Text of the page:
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I'd like for my application to add its own bin directory to the path in a means that works across all shells (and, indeed, multiple shells) across all UNIXes. Is this possible?

Specifically, the goal to to add ~/.myapp/bin/ a part of the user's path.

Simply appending export PATH=~/.myapp/bin:$PATH to .bashrc won't work—what about zsh users etc? Also, I'm not sure that this is even reliable across all shell-supported platforms.

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I suspect what you're asking is impossible. There isn't a central location respected by ALL shells. Many Bourne-style shells (bash, zsh) may or may not read ~/.profile depending on their default configuration, but csh and tcsh read an entirely different set of files, and don't use the same commands as bash to set variables like PATH.

An alternative strategy many applications use is to install themselves somewhere like /usr/local/appname/ or /opt/appname/ then create symlinks in /usr/local/bin/. For example, on my FreeBSD system:

> cd /usr/local/bin ; ls -l drush mailq perl5
lrwxr-xr-x  1 root  wheel  14 Apr 29 12:22 drush -> ../drush/drush
lrwxr-xr-x  1 root  wheel  32 Apr 28 15:28 mailq -> ../../../usr/local/sbin/sendmail
lrwxr-xr-x  1 root  wheel  25 Apr 17 01:17 perl5 -> /usr/local/bin/perl5.12.4

Anything you can do to capitalize on existing configuration rather than requiring something custom will reduce the likelihood of failure.

Also, for most platforms, there is an "accepted" way of handling things. If you are installing software into FreeBSD, it should really be done through the FreeBSD "ports" system, which has its own rules about where files should go. Same with MacPorts, Fink, Emerge, etc. Read up on your target platforms before you do something that steps on toes in their various user communities.

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Concur, with the comment that .profile for Bourne-compatible shells is probably the closest thing to the answer to the original question. – tripleee Jul 20 '12 at 6:53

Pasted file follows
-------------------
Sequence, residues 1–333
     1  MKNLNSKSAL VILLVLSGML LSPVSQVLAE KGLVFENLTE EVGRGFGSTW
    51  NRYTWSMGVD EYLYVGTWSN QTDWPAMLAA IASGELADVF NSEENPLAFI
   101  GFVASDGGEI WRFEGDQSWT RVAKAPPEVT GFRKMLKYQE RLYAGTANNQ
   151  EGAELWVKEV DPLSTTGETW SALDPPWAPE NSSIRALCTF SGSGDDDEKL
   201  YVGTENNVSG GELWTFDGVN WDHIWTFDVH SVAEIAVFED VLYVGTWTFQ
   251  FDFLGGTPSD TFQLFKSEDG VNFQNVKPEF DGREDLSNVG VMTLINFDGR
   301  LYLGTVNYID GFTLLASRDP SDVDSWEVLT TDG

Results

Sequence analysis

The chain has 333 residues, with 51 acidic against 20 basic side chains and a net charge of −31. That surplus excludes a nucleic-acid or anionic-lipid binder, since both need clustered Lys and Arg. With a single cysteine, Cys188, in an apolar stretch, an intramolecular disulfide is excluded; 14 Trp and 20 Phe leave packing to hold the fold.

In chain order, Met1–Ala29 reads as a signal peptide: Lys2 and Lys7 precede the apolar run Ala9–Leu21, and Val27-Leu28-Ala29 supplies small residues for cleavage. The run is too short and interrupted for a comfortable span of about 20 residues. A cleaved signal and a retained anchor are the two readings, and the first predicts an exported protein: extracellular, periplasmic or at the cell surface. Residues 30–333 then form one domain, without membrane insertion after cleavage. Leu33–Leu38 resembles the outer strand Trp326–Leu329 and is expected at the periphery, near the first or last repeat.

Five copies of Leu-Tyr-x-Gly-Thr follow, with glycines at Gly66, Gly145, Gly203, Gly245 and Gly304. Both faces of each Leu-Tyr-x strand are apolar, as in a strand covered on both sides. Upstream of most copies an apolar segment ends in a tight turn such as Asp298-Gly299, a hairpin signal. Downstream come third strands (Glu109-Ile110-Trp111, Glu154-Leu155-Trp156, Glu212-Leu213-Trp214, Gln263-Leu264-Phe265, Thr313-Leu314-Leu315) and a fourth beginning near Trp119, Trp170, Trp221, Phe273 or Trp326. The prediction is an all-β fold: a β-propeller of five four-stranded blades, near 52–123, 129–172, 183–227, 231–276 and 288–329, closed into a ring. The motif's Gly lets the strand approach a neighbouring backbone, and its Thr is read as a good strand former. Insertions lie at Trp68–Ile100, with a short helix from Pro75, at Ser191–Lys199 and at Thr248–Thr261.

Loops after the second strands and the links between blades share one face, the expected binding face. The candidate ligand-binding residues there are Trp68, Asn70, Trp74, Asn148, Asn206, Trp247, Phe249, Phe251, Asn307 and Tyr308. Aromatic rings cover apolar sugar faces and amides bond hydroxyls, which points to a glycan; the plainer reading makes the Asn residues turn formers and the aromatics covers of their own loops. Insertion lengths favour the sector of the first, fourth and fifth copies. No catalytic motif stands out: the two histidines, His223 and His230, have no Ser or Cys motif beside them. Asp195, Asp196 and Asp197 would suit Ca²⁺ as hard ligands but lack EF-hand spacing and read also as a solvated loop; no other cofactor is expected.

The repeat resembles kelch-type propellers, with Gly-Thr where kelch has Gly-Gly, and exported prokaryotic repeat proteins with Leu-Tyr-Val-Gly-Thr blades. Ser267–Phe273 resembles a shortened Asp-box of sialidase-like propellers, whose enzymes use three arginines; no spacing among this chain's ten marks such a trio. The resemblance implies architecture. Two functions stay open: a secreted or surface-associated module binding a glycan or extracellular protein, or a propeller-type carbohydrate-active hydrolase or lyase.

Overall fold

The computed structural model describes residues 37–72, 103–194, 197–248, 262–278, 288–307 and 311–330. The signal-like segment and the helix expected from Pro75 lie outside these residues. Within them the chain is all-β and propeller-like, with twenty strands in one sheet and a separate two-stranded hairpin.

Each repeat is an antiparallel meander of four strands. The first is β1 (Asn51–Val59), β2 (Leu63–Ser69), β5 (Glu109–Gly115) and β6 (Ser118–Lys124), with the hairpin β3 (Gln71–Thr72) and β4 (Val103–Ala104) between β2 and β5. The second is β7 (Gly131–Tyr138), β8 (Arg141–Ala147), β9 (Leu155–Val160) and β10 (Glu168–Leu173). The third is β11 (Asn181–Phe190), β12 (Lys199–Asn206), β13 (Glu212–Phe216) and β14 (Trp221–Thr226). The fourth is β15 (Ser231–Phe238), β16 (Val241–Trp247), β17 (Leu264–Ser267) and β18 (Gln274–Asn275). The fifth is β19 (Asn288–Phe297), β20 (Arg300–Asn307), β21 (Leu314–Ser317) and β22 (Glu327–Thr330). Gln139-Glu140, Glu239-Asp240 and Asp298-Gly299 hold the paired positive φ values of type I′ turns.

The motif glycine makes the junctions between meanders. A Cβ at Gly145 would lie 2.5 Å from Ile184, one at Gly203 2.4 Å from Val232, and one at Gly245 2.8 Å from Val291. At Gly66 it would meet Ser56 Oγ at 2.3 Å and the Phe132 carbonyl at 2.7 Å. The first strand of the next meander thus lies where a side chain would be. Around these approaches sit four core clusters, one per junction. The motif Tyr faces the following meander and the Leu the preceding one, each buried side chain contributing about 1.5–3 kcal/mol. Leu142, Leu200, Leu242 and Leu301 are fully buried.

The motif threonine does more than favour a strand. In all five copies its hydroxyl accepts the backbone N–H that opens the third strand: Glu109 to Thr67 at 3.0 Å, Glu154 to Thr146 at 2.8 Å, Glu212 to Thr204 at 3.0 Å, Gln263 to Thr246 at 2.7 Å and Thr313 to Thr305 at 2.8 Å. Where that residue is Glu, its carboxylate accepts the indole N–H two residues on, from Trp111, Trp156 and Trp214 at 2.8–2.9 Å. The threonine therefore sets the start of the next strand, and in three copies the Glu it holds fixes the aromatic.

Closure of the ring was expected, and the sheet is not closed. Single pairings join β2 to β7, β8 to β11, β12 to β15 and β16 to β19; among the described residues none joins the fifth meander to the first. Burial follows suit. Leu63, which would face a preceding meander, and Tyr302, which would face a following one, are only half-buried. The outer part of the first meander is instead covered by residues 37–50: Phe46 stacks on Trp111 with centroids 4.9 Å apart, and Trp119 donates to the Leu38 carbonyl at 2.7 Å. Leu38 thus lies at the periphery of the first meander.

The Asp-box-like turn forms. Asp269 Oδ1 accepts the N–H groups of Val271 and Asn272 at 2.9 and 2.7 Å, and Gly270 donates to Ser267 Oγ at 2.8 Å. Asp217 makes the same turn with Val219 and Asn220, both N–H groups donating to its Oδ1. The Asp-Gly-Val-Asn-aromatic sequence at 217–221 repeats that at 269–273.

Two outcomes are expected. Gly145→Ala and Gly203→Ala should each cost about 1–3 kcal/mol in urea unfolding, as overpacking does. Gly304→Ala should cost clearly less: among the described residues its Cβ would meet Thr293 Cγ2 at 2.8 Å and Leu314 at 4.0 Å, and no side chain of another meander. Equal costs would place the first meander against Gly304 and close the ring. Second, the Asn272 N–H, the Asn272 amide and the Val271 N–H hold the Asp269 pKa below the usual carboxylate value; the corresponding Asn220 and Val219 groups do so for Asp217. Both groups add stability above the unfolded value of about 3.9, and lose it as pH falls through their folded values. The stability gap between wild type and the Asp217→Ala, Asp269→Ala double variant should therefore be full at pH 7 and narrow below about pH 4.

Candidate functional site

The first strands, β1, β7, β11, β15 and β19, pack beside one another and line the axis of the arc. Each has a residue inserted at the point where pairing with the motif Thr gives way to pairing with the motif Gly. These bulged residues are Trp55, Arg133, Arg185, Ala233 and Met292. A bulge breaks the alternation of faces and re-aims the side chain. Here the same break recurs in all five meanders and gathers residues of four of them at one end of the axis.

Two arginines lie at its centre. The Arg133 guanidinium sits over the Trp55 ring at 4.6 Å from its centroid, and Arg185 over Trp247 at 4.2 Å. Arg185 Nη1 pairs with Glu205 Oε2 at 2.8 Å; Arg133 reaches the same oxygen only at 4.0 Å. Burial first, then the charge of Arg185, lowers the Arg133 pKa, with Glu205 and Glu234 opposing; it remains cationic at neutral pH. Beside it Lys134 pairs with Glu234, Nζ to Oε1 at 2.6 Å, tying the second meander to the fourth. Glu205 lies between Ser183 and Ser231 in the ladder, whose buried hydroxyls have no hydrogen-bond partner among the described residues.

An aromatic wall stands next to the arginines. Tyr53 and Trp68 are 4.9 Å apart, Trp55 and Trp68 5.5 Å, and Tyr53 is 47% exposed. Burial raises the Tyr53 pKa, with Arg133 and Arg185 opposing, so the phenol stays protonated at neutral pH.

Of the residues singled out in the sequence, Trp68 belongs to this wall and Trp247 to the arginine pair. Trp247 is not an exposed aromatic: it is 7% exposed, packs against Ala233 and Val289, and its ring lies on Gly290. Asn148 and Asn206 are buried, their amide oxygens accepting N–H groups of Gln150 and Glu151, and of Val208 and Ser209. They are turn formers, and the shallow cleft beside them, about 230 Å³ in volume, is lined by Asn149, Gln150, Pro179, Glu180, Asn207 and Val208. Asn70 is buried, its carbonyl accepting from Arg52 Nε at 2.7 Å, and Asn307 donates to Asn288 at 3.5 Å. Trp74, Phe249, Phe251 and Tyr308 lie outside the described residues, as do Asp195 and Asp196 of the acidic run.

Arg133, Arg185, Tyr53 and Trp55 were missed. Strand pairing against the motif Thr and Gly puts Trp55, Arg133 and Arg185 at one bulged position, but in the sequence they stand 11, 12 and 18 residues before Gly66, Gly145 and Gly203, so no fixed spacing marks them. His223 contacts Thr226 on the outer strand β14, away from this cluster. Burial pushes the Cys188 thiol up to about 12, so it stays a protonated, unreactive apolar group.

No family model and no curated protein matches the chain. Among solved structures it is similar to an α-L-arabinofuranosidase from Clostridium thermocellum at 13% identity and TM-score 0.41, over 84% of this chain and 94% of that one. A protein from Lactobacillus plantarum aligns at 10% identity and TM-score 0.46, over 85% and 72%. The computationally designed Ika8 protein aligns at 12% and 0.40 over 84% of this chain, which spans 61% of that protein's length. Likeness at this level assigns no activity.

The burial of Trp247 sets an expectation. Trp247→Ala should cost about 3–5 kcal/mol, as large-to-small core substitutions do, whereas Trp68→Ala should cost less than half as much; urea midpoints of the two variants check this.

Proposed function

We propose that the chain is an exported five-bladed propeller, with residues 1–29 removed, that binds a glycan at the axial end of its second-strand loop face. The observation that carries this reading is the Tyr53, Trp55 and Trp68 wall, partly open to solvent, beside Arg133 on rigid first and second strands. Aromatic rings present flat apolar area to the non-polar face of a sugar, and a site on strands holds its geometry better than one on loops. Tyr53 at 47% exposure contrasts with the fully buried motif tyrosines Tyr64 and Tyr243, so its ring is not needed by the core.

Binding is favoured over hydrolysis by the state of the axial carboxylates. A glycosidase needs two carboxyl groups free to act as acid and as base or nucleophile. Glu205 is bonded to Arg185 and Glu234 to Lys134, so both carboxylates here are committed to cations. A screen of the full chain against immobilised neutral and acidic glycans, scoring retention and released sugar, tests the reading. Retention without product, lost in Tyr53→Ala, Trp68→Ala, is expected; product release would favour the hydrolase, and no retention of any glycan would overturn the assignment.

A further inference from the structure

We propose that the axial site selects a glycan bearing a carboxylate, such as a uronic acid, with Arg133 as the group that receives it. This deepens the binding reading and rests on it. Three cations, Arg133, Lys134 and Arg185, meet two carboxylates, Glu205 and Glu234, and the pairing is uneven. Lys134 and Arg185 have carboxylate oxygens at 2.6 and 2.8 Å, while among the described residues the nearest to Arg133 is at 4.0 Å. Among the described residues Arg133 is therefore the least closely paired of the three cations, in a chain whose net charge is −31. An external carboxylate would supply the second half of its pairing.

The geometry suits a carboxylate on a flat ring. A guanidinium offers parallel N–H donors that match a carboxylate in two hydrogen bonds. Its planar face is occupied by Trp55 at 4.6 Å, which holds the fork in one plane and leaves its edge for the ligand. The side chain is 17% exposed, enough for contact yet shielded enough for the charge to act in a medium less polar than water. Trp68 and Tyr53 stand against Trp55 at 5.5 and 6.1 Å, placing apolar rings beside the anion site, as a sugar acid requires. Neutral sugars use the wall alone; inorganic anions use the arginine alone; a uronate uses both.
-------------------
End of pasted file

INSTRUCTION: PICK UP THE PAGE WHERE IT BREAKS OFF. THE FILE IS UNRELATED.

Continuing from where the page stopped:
Honestly, I would avoid doing this. Put either a symlink or an exec script in ~/bin and notify the user that they must add it to $PATH if it isn't already in there.

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I thought of this, but the ~/bin thing doesn't play out so nicely with some platforms (especially Macs). Also, I'd like to make the installation as "one-step" as possible. – Aaron Yodaiken Jul 20 '12 at 3:55
OS X should be handled completely differently from other *nixes regardless, so that will end up being less of an issue than you think. – Ignacio Vazquez-Abrams Jul 20 '12 at 3:57
Why should OS X be handled "completely differently from other *nixes"? – Aaron Yodaiken Jul 20 '12 at 3:58
It already does 90% of things differently, in a manner that OS X users expect. When in Rome, do as the Romans. – Ignacio Vazquez-Abrams Jul 20 '12 at 4:03

On my system both bash and zsh source /etc/profile.env, it is a file generated by env-update from the contents of /etc/env.d directory. But it is probably not a good idea to add path like ~/smth here, this is also distribution-specific (the only reason why shells use it is code

if [ -e /etc/profile.env ] ; then
    . /etc/profile.env

in both /etc/profile and /etc/zsh/zprofile).

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In Bash, the variable $PATH give you all the bin and sbin folders separate by :.

With a little substitution you can have a list of them. On Snow Leopard for example :

$ echo ${PATH//:/ }
/opt/local/bin /opt/local/sbin /sw/bin /sw/sbin /usr/bin /bin /usr/sbin /sbin /usr/local/bin /usr/local/git/bin /usr/X11/bin /usr/X11R6/bin
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-1 This is the answer to an entirely different question. – tripleee Jul 20 '12 at 6:51

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